PLAYING DETROIT: Double Winter Release Earnest Debut LP It’s About Our Hearts

There aren’t many bands that can cultivate a loyal and almost cult following before even releasing a full record, but Detroit psych/surf-rock outfit Double Winter is one such band. After years of playing around the city, the band finally self- released its debut LP, It’s About Our Hearts, on March 31. The record’s beachy riffs, sentimental melodies, and charming honesty is a welcome distraction from COVID-19 chaos and leaves us longing for the spring we don’t get to have. 

Vittorio Vettraino (guitar/vocals) says that the decision to release the record in spite of the global health crisis was made spontaneously. The group was set to have a release party at beloved Detroit venue UFO Factory on March 26th, which was obviously canceled due to the state-wide stay at home mandate. “We decided a couple of days before, let’s just do it,” Vettraino says. “None of this was really planned… We had a record release planned but after we rescheduled that, we were like, should we still just release the album? Like, why not. 

“It’s a weird time but we were like, we have to get it out there,” adds Holly Johnson (bass/vocals). A weird time indeed. In fact, I’m talking to the band via Zoom video call, each of them quarantined in their respective homes, reminiscing about the years it took to finally get this record out to the world. “We’ve had it ready for months now, so it’s not new to us, but it’s weird that people are hearing a lot of this for the first time,” Johnson adds.  

Though compiled relatively recently for the band’s debut, some of the songs on It’s About Our Hearts have been written and played live for years, giving the band time to fine-tune their sound and perfect their playing. “I could pretty much play these songs with my eyes closed now,” says Morgan McPeak (drums). The group’s rehearsal time was extended even longer than they anticipated after their first attempt at recording the record in 2018 didn’t go as planned. “We originally recorded a lot of these songs and decided to re-record them and that didn’t happen until like a year after,” says Johnson. “Some of the songs were newer on the first one and we knew we could record them better and that was a really good decision.”

So, in 2019, Double Winter took a second try at recording with engineer Ben Collins (Minihorse, Matthew Milia, Stef Chura) at an old church-turned-recording-mecca about half an hour outside of Detroit, Willis Sound. Collins, who is a friend of the band, turned out to be a much better fit for their sound, capturing the energy of a live Double Winter show. With a spacious and acoustically immaculate tracking room, Willis Sound is the type of studio that bands like Double Winter – whose chemistry is almost equally important to the chords they are playing – dream of.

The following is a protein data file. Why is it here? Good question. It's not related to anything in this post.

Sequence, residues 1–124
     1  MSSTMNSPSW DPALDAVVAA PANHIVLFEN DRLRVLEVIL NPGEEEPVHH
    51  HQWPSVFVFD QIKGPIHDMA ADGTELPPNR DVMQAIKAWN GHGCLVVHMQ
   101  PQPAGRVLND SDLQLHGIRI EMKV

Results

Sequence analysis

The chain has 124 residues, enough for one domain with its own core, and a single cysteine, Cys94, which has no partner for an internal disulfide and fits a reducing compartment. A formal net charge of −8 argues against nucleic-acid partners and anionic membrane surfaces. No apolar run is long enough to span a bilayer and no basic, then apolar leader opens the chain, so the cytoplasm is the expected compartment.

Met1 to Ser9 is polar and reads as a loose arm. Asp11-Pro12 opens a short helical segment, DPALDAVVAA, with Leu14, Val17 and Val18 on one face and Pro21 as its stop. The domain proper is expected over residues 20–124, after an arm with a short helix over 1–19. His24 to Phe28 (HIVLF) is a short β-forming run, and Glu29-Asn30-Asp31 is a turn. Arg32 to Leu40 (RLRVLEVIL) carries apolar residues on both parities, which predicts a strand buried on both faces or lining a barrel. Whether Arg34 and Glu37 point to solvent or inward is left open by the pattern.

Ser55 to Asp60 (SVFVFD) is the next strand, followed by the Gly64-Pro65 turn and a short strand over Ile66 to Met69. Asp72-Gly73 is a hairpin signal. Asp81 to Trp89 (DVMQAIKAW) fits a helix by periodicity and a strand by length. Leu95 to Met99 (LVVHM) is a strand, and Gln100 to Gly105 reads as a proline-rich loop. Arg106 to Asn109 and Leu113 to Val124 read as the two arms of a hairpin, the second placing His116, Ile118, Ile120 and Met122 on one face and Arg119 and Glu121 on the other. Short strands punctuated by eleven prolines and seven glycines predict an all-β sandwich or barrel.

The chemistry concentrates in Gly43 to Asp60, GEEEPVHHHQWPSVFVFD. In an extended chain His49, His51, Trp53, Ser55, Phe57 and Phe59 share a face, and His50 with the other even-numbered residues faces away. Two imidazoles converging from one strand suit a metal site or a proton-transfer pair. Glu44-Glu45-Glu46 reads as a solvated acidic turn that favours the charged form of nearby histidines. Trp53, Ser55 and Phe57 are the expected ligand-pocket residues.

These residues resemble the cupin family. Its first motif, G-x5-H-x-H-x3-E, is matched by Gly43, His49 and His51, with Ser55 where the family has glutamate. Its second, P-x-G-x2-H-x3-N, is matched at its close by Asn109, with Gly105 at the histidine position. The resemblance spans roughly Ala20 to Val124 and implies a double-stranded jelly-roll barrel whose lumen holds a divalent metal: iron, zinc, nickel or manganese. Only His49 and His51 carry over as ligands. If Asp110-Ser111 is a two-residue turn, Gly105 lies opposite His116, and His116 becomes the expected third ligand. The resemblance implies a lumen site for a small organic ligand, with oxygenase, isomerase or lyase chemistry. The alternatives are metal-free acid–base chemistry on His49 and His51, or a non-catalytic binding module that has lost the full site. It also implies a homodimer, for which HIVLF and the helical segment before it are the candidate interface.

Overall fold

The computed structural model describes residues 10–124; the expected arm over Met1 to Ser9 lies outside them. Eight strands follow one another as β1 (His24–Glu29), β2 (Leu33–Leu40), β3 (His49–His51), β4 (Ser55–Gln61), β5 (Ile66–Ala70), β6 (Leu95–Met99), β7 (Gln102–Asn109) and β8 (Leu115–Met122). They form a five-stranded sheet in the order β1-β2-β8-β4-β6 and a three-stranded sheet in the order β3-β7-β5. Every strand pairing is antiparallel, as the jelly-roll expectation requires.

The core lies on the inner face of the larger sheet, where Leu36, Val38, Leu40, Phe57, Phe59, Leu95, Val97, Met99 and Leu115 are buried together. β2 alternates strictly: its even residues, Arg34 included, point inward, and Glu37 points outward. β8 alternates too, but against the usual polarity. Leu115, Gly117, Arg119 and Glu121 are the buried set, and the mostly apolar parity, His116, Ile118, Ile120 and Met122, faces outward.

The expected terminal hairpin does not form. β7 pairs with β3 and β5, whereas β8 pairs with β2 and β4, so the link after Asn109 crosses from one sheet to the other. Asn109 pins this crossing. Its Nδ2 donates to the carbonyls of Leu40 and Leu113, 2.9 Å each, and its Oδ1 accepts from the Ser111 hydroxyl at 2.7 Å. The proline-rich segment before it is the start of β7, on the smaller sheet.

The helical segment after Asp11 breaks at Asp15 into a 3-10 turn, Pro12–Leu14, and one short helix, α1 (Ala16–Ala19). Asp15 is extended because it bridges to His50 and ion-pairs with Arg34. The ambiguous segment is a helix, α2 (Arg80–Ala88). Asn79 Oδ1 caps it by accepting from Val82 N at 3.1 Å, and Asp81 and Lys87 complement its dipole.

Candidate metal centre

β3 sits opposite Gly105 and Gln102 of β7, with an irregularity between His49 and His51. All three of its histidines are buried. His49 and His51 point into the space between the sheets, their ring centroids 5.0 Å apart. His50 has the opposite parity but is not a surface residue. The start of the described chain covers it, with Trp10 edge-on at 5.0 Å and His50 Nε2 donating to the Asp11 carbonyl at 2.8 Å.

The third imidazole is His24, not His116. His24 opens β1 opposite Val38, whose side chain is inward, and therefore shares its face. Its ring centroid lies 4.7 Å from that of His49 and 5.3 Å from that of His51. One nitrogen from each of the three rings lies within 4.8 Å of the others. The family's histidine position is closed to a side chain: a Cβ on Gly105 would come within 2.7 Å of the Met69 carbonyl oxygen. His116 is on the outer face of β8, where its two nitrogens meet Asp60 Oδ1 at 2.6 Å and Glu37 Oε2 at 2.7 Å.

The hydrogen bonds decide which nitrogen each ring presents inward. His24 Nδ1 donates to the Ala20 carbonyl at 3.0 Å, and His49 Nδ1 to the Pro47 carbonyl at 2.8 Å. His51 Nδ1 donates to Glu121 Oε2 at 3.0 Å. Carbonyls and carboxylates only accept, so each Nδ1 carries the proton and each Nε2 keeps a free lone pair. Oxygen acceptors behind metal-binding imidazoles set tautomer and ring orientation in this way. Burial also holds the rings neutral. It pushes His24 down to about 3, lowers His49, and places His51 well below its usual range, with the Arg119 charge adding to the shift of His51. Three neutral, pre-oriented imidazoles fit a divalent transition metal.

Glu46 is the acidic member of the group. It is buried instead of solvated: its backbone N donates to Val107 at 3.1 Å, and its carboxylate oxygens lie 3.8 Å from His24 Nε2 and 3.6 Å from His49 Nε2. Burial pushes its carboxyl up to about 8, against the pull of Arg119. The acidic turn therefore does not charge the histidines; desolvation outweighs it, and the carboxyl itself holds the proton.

“The first place we recorded, we were all so isolated that it didn’t really feel like we were playing together,” says McPeak. “I get the benefits to recording that way…but it just didn’t sound like us anymore.” The second time was a charm for the band, though, and yielded a record that showcases years of friendship, countless gigs, and a settling of genre. “I feel like with this piece, it does span across several genres but we’re getting better at sort of funneling it in,” says Johnson. “It’s just showing that we’re getting more dialed into what we play and produce well together, it’s been really fun learning that, too.” 

So what, exactly is the sound that best describes Double Winter? The best way I can put it is blase-but-sincere doo-wop psych, and I know I sound like an asshole. Genre labels aside, It’s About Our Hearts is a sweet and well-crafted ode to generations of good music — from Yo La Tengo to the Shangri Las. A body of work that could only be created by artists with a non-pretentious but impressive palette. It’s about all the little things that are actually big things and make up a life – heartbreak, friendship, fucking up, realizing it a little too late. And, since we all have a little more time to reflect right now, we might as well do it to some damn good music.